There are numerous other examples. I’d be here for days if I tried to recount them all.
Top Gear promotes the message that only cars- preferably petrol powered ones with lots of cylinders- deserve to use the road. I don’t think the licence fee should be paying to spread that lie. (Full disclosure- I don’t have a television, so I don’t pay the licence fee. I watch what little TV I’m interested in on iPlayer and the other channels’ equivalents.)
6. It’s got no counterpoint
Channel Five has Fifth Gear, which is a bit more sensible as a car programme. However I can think of no programme on British television which could be considered an antidote to Top Gear and a dose of the Clarksons. I don’t mean some staid, stop-this-silliness sort of thing, but a show given just as much free rein to present an alternative view just as irreverently. Maybe if there was a programme which had segments where presenters mocked drivers for not knowing the Highway Code or that suggested that soft roaders are so useless they can’t even traverse speed bumps then TG’s fast and loose relationship to facts wouldn’t seem so bad.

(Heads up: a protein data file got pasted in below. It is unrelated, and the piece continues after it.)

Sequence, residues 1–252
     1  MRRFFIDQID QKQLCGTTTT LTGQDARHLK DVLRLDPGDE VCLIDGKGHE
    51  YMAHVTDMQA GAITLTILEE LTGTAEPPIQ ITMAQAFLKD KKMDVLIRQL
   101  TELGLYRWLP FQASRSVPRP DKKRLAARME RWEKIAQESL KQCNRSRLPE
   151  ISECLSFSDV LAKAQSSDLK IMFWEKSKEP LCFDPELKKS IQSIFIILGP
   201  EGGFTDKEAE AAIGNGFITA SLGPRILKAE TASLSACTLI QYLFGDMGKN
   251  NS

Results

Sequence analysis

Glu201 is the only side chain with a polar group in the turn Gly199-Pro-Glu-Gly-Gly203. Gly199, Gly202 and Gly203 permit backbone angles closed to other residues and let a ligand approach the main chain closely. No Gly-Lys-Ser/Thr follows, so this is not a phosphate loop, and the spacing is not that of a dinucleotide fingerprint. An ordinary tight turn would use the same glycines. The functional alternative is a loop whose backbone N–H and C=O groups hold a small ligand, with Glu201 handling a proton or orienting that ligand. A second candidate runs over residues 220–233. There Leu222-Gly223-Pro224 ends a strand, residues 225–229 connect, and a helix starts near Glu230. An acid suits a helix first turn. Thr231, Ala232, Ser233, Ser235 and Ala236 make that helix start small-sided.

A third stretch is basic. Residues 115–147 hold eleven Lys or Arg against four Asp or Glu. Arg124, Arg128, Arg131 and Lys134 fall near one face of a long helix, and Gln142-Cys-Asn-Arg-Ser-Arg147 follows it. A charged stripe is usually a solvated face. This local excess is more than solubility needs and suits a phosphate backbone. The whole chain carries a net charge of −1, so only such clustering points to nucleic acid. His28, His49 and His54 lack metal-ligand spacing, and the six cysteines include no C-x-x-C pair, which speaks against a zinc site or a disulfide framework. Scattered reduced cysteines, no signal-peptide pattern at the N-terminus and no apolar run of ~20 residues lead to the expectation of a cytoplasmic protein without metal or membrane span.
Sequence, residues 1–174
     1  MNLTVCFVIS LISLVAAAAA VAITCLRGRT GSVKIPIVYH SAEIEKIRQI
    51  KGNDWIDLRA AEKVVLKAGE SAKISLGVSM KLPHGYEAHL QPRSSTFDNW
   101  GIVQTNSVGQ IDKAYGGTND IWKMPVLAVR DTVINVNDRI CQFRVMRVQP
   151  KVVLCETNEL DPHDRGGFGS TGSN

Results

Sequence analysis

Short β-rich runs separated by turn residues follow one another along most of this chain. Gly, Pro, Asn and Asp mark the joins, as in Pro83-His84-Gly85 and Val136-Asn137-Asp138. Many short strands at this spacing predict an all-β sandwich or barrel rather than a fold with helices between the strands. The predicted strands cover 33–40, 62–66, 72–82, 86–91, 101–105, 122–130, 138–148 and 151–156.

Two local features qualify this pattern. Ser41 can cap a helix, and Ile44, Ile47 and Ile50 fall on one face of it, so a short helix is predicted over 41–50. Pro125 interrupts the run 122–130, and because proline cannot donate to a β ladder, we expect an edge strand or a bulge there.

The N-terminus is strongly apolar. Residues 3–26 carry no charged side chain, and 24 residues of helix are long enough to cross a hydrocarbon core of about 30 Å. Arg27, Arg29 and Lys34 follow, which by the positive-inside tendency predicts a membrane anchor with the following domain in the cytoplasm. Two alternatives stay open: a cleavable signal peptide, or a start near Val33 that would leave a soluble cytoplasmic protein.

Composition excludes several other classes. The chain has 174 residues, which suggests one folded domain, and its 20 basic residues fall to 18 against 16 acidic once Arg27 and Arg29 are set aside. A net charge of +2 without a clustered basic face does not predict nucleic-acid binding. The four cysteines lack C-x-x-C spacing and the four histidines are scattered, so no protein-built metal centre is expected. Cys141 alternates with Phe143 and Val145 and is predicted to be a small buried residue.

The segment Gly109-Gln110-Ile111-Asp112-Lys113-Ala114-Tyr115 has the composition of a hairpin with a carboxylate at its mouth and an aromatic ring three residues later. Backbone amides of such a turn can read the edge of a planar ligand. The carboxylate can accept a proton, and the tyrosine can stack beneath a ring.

So, what shoud we replace Top Gear with, seeing as we’re going to kill it?
As a cyclist I obviously have to suggest a show about bikes. I know that a show called Freewheel (or similar) wouldn’t be able to replace Top Gear or get the same sort of viewer numbers straight away. But, with bike use ramping up and more bikes than cars in the City, it’s time one of the TV channels looked at giving us more coverage. If any of the broadcasters want some ideas for how a bike show might look, I have a few.
Top Gear is a magazine show, it has regular features and special stories. We need to see some programmes with a similar format but a far wider remit. Get guests in to do features on stuff that interests them, give them some challenges (build a gravity racer, canoe from one side of the country to the other, get Danny MacAskill to ride across a city without touching tarmac, do a piece outside London without coming across as patronising and insular etc.) Top Gear needs to be replaced by a bigger, better, more inclusive version of Top Gear. I don’t think we’ll be able to call it Good Shit.